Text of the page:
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Severe Depression Does Not Respond to St. John's Wort, Study Says

Kate Traynor

A study funded by the manufacturer of an antidepressant drug found that St. John’s wort performs no better than placebo in treating major depression.1

By the end of the eight-week study at 11 U.S. medical centers, 27% of the 98 patients with severe depression who were assigned to take St. John’s wort had improved in their scores on a standard depression-rating scale. But 19% of the 102 patients who used a placebo also scored better over the course of the study.

The herb performed better than placebo in one type of analysis: depression scores by all patients who were randomized to a treatment group, regardless of whether they dropped out later or continued for the full eight weeks. In that analysis, 14% of St. John’s wort users, compared with 5% of control patients, did not have symptoms of depression when last assessed. But the study authors asserted that, given these extremely low response rates, the herb might not have "significant antidepressant or antianxiety effects."

According to the researchers, their findings contradict the results of other published studies that touted St. John’s wort as a successful treatment for depression. The research team attributed their discordant findings to the other studies’ "serious methodological flaws" that affected the results. Among the shortcomings cited were nonstandard methods for diagnosing depression, failure to use standardized symptom-rating scales, and too few patients to reliably demonstrate treatment effects.

The study took place between November 1998 and January 2000 and enrolled men and women who had been diagnosed with severe depression of at least four weeks duration. On average, the study participants had had depressive symptoms for more than two years. Nearly two thirds of the study’s enrollees were women.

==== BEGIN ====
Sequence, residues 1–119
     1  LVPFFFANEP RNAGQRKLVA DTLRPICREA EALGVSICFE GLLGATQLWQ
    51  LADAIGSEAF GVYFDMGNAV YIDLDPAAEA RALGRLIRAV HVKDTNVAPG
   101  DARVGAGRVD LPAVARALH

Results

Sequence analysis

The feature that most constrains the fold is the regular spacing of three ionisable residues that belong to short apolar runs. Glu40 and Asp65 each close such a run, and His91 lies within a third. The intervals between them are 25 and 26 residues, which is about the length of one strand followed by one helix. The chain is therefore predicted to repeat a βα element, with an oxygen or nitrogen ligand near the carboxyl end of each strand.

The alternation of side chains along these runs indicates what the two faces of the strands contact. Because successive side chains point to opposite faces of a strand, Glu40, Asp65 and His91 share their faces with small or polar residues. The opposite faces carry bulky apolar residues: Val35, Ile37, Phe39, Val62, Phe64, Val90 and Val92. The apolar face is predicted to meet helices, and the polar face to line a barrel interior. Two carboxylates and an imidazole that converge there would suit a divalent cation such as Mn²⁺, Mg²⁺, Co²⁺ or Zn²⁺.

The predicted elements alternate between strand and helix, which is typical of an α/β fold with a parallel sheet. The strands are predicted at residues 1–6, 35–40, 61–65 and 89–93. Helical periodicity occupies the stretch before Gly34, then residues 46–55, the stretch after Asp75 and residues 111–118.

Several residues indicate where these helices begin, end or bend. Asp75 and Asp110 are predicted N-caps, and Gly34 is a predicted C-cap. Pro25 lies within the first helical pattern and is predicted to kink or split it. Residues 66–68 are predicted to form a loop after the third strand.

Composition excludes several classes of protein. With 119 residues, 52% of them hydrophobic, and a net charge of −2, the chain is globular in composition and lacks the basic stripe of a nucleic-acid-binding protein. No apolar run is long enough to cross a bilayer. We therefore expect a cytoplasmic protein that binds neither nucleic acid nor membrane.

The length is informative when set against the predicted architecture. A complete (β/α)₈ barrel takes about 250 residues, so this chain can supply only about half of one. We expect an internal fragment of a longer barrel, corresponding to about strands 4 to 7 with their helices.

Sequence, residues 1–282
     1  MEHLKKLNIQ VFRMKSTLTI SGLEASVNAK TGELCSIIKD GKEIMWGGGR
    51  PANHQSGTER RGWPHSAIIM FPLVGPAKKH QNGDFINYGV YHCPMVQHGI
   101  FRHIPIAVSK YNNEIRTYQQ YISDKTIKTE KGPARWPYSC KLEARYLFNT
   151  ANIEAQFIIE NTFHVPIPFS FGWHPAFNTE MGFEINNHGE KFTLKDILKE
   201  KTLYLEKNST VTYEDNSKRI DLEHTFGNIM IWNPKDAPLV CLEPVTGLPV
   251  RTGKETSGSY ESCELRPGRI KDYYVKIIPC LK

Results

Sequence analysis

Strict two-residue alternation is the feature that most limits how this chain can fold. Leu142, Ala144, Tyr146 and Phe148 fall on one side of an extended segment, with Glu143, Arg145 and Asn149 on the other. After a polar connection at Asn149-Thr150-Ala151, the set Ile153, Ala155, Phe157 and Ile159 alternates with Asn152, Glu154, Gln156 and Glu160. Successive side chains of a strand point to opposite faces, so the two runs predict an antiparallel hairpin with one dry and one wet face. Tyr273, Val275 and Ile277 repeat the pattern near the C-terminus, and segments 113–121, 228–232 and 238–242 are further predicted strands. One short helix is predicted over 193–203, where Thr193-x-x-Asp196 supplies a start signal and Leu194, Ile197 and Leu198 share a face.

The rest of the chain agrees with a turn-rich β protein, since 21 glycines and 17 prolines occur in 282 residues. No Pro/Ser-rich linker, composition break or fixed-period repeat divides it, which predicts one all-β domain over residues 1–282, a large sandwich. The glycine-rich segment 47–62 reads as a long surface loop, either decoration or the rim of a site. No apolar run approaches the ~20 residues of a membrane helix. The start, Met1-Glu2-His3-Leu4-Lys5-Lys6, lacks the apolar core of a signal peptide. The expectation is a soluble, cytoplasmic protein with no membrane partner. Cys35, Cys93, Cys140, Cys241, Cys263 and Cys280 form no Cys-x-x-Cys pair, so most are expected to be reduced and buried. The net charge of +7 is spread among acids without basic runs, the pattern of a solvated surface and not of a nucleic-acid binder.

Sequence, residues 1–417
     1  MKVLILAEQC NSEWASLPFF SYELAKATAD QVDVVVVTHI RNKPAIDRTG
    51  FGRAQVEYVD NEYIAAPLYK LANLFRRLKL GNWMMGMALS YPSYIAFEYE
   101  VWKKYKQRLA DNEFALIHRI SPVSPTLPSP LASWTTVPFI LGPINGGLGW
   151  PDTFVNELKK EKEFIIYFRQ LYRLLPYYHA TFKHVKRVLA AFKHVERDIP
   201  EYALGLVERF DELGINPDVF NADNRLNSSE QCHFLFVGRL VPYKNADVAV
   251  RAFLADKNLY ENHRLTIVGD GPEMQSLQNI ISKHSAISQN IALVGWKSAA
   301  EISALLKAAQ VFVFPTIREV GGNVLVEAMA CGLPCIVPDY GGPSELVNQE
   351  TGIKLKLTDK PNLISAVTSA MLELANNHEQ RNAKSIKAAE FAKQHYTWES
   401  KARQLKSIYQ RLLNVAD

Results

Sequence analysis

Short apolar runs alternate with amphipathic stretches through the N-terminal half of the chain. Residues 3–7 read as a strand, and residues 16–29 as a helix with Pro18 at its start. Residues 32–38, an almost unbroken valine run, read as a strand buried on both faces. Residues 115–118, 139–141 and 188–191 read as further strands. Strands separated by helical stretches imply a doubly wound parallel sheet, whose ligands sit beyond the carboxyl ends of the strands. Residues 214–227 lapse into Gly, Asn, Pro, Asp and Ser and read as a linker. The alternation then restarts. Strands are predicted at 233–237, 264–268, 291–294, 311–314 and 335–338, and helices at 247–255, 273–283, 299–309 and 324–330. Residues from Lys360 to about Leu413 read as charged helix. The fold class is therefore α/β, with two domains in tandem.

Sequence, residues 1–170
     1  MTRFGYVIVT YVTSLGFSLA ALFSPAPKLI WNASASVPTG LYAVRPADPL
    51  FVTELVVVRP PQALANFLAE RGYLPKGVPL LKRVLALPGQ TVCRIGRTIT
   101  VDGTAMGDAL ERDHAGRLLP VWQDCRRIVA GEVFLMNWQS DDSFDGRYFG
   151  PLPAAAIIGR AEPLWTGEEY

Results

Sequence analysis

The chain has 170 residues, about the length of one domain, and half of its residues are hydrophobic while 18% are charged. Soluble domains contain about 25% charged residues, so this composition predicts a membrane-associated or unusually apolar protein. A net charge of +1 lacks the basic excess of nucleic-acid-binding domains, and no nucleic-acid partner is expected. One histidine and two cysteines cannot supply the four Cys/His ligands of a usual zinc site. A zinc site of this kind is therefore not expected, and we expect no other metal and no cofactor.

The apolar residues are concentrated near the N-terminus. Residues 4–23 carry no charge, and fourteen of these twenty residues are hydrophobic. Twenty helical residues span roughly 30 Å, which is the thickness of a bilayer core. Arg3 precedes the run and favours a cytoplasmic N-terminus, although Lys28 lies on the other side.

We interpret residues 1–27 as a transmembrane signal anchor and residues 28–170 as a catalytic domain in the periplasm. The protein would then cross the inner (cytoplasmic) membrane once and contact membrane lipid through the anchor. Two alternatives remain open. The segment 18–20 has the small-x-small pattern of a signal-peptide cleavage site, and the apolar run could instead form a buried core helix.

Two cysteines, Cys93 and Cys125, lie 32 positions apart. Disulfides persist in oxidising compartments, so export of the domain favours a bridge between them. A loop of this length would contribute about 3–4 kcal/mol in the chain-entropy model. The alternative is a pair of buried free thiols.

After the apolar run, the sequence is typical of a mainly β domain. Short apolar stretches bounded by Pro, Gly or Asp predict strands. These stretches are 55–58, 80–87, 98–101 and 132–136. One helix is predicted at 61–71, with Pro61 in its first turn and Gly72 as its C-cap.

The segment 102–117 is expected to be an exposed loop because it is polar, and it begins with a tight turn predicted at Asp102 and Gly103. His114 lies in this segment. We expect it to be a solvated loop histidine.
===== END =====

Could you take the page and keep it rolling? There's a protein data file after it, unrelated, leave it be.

Initial treatment consisted of three 300-mg tablets of St. John’s wort or three identical placebo tablets each day. After four weeks, patients whose symptoms had improved continued the three-tablet regimen for another four weeks. Patients whose condition had not improved after the first four weeks took a fourth tablet each day for four more weeks.

The researchers used a battery of standardized tests to asses the study participants’ mental state at several points during the trial. Study participants also underwent physical examination, electrocardiographic testing, and blood chemistry analysis.

People in the herbal treatment group were more likely than placebo users to have headaches during treatment. Overall, the adverse events discussed in the article were minor, although one patient in each group withdrew from the study because of an unspecified adverse event. Eighty patients in the herbal group and 87 placebo users completed the study.

The St. John’s wort tablets used in the study were obtained from a German manufacturer and processed using an FDA-approved procedure that masked the herb’s taste and smell. Each tablet lot was assayed for hypericin content, which varied by no more than 5% among the batches. The amount of the purported antidepressive agent hyperforin in the tablets was not reported.

The study, which was funded by Pfizer, manufacturer of the antidepressant sertraline (Zoloft), sparked criticism from trade groups representing herbal product makers. Officials at the American Nutraceutical Association and the American Herbal Products Association questioned the study’s use of St. John’s wort in people diagnosed with severe depression. St. John’s wort, said the officials, is a mood enhancer intended for use by people who have mild to moderate depression.

The research article did state that patients with less severe symptoms of depression might benefit from St. John’s wort therapy but emphasized that well-designed, controlled clinical studies are still needed to address the issue.

  1. Shelton RC, Keller MB, Gelenberg A et al. Effectiveness of St John's wort in major depression: a randomized controlled trial. JAMA. 2001; 285:1978-86.